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All Posts in Category: Pregnancy

Addiction and Babies? Help Us Raise Awareness!

April is Alcohol Awareness Month in the U.S. and a perfect time to raise awareness around prenatal substance abuse and how this affects both the fetus and the newborn. The U.S. has seen a dramatic increase in the past ten years in babies exposed to drugs and alcohol in the womb before birth.  Babies that are born to an addicted mother can suffer from withdrawal once born. Babies can’t consciously abstain. We know this and see stories about this in the news every day. 

The effects are far reaching and for the baby in utero, may result in low birth weight, slow growth, altered development and in some, lifelong health problems.  After the baby is born, Fetal Alcohol Spectrum Disorder (FASD) and Neonatal Abstinence Syndrome (NAS) may require intense intervention in a hospital, perhaps even NICU setting.

Neonates may be exposed to a wide range of substances and it’s hard to know what they may be exposed to due to self-reporting, not knowing the exact components of illicit drugs and wide range of prescription drugs the mother may be taking during pregnancy. All babies do not have withdrawal depending on the length of exposure, the cumulative dose and the baby’s gestational age at birth. Full term babies are more likely to experience withdrawal than preemies.

Symptoms for babies who are experiencing withdrawal often show up within 72 hours of birth, but may not become apparent until a few weeks after delivery. Specific symptoms may vary but include:

  • Irritability 
  • Poor Feeding    
  • High Pitched Crying
  • Fever  
  • Diarrhea 
  • Vomiting
  • Seizures  
  • Chronic pain

Most babies get better initially in 5-30 days and treatments for these conditions include:

  • Environmental manipulation (swaddling, holding, low lighting, mother-baby bonding
  • Pharmacologic therapy to wean them off of the  addictive substance
  • Social service intervention as family situations may be complex
  • Providing empathy and support  
  • Close follow up post hospitalization and these substances may affect their development

As with many health care issues, prevention is preferred over later intervention. Early intervention is a critical path to mitigating problems.  Consider:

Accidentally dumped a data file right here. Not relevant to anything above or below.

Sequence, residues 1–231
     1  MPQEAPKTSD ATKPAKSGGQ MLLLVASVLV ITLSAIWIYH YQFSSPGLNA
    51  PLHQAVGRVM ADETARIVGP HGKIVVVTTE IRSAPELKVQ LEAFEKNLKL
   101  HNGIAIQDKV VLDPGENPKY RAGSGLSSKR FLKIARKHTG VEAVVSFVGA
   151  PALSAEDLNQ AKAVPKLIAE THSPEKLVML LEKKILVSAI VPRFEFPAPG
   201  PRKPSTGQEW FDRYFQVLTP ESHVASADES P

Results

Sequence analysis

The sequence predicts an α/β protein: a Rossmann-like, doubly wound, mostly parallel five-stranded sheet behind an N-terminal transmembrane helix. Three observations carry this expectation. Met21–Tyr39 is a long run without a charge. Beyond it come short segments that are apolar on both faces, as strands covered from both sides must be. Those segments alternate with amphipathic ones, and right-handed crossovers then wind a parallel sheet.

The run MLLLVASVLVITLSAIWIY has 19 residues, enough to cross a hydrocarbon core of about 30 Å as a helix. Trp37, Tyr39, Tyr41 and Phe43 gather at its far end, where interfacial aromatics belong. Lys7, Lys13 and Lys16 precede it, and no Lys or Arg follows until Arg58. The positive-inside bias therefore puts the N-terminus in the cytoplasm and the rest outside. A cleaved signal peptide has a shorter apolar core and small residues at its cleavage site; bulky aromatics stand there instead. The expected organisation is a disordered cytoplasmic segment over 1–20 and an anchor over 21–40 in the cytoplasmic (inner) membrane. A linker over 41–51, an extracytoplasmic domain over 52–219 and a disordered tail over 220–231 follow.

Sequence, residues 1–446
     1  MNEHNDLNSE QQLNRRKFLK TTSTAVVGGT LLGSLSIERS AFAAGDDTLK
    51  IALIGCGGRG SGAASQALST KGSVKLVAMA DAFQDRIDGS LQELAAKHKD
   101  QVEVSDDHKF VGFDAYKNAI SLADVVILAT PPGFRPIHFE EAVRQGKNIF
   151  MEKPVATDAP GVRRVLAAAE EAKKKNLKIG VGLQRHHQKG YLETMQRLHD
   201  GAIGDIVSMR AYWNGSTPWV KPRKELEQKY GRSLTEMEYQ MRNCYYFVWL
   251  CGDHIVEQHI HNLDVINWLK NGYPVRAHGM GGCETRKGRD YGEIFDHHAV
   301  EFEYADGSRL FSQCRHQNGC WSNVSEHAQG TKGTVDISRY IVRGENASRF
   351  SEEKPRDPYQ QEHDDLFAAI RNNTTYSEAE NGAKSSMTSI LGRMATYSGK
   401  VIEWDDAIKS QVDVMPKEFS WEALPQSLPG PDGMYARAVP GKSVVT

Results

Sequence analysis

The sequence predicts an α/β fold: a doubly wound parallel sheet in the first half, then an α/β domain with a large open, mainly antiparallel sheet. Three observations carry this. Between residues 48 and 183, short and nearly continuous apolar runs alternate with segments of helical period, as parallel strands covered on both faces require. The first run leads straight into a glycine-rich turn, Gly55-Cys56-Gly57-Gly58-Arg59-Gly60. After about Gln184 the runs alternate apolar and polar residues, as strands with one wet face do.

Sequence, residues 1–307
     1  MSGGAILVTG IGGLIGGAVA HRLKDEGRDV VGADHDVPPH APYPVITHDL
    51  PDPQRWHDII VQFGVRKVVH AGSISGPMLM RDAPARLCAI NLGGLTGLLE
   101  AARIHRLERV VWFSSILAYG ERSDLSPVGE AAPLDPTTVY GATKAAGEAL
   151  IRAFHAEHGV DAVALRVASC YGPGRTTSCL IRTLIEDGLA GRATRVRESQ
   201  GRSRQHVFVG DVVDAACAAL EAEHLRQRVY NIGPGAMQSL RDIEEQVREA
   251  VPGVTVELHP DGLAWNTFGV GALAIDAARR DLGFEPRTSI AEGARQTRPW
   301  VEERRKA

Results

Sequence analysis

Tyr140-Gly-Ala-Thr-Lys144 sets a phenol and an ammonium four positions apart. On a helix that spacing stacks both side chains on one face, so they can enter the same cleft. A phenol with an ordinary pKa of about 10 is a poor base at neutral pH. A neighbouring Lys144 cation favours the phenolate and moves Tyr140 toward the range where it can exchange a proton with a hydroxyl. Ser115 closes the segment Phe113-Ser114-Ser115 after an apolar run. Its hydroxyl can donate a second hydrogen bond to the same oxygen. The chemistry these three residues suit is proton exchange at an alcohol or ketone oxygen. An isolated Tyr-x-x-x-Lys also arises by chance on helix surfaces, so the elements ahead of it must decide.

• If you are pregnant and on prescriptive drugs that may affect the fetus, notify your provider.
  • If you are pregnant and using, do not quit cold turkey without the direction of your provider, as it may negatively affect the baby.  Ask about medically-assisted treatment.                                           

To help us raise awareness, SHARE THIS MESSAGE to get information into the hands of people dealing with pregnancy and substance abuse.
~Tanya Mack, President
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“March” with Us Toward Greater Gestational Diabetes Awareness!

March 26 is Diabetes Alert Day! It’s a one-day wake-up call reminding everyone to find out you are at risk for developing Type 2 diabetes.

It’s especially important for women who are pregnant to be checked for Gestational Diabetes. It’s a growing epidemic spurred on by increasing obesity in pregnant women.  Gestational Diabetes is caused by an insulin blocking hormone produced by the placenta, which in turn causes high blood sugar during pregnancy.

Here are key takeaways to increase awareness for all pregnant women and their families:

Testing: Gestational Diabetes is detected by an oral glucose tolerance test between 24-28 weeks gestation.

Symptoms:  Pregnant women may have no symptoms or may experience thirst and frequent urination.

Risk Factors:  Being overweight, history of gestational diabetes during a past pregnancy, delivery of a baby weighing over 9 lbs., PCOS (hormonal disorder), family history of Type 2 Diabetes

Potential Complications:  Mom – pre-eclampsia, Type 2 diabetes later in life; Baby premature birth, stillbirth, jaundice, higher than normal weight

Treatment: Treating gestational diabetes comes down to one key factor: controlling your blood sugar. It is very important to monitor your blood glucose level closely throughout pregnancy to ensure that your blood sugar remains in your target range. This is accomplished by:

  • Eating wisely. Pay attention to what you eat, how much you eat and when you eat. Seek professional help to develop a meal plan that’s full of good-for-you and good-for-the-baby foods.
  • Physical Activity. When you’re active, your body uses more glucose, doesn’t need as much insulin to transport the glucose, and your body becomes less insulin resistant. Since your body isn’t using insulin well when you have gestational diabetes, a lower insulin resistance is a very good thing. Physical activity also helps control your weight during pregnancy, keep your heart healthy, improve your sleep and even reduce stress and lighten your mood. After checking with your doctor about what’s safe to do while you’re pregnant, try to get at least 30 minutes of activity every day… anything that gets you moving rather than sitting.
  • Insulin/Medications. Most people are able to control blood glucose levels through adjustments in diet and exercise. However, 10-20% of women with gestational diabetes may require insulin or another medication to assist your body in regulating your blood glucose level. These medications are safe for your baby.

Don’t be anxious!  Be informed!  Contact your OB provider to get tested!

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World Prematurity Day Highlights Education and Technology As Solutions

World Prematurity Day is Saturday November 17, a day designed to draw attention to the more than 380,000 babies who are born too soon in the United States every year. Alabama’s pre-term birth rate is 12%, as published in the annual report from the March of Dimes, earning the state a grade of “F” which is unchanged from the previous year.  Baptist East Hospital in Montgomery, Women’s Telehealth and Dr. Anne Patterson have launched a new MFM Clinic to support expecting Moms in the prevention of premature births.  Please click the link below to view the WSFA news report.